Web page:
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  2. This reminds me of a cake my Mum used to make called 'Cut and Come Again' Cake...I always loved the name....Mum's didn't have icing though...nor sour cream,I think it was marmalade.
    Jane x

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    1. I LOVE that name! And, my Dad would have loved the marmalade on top...it was his favorite, XOXO

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  3. I love the special breads of this season, but now, what I really want, is a Pullman bread pan. I've never seen one before and I'm quite certain that I would like one. Off to find out how to accomplish that!

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    1. King Arthur Flour catalogue has them! My sister bought one last year after I made a tea bread in mine. Happy Easter, dear friend, XOXO

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  4. This looks really good. Will have to try it. Thanks for sharing the recipe.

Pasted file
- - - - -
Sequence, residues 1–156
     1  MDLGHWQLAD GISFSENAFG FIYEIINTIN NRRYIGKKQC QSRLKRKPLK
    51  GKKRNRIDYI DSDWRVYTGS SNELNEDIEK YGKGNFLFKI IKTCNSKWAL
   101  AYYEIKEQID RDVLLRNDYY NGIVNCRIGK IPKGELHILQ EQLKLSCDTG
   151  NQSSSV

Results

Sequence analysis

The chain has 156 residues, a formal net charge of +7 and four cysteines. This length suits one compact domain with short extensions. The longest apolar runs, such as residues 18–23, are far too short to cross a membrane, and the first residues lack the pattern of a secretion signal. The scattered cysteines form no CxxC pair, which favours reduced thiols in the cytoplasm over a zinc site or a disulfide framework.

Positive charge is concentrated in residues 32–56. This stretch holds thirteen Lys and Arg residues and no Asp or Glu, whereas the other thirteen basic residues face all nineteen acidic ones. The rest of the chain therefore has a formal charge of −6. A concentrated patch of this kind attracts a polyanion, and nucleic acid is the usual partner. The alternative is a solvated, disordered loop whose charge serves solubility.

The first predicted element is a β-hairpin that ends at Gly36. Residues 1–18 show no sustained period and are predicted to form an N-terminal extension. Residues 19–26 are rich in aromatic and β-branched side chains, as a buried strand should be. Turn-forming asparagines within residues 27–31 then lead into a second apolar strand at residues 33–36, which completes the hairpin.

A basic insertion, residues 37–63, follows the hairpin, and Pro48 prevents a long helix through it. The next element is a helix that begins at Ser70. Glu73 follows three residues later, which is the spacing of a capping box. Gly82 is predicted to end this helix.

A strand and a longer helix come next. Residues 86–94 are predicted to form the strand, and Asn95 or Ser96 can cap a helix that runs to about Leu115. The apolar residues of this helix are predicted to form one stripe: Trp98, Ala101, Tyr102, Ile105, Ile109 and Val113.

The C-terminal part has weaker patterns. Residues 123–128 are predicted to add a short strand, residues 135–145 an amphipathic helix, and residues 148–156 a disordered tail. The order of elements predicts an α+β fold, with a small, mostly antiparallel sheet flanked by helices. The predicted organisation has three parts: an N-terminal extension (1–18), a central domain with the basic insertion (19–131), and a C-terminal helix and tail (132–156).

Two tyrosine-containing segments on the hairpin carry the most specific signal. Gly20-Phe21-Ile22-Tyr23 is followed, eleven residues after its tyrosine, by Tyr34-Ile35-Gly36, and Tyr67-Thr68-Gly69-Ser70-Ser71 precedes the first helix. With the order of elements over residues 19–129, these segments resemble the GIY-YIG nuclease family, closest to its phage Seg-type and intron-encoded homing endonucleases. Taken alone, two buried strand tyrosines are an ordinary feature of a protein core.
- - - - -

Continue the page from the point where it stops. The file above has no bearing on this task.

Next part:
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    1. Thank you for stopping by...the cake was a hit with my hubby!

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  5. Now, THIS is fruit cake I would eat! And, enjoy...And, not be able to stop eating! :) I'm going to make a strawberry cake this week for Easter. Gotta love the bunny, right? Hope you're enjoying your week!! Lv, me

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    1. LOL! My week is always packed full of work and the only way I'm surviving is the days are longer:-D! I'm thinking strawberry/rhubarb may be a feature for me this week too...if I can find rhubarb. Can't wait to see what you create, Soul Sister! Happy Spring, XOXO

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    2. I found rhubarb in the store yesterday...Thin and limpy rhubarb. :( Alas, I will have to wait for better rhubarb. I'm off work today and starting the cake with making the strawberry puree. Strawberry daiquiri cake this time, cuz that's how we roll! lv, me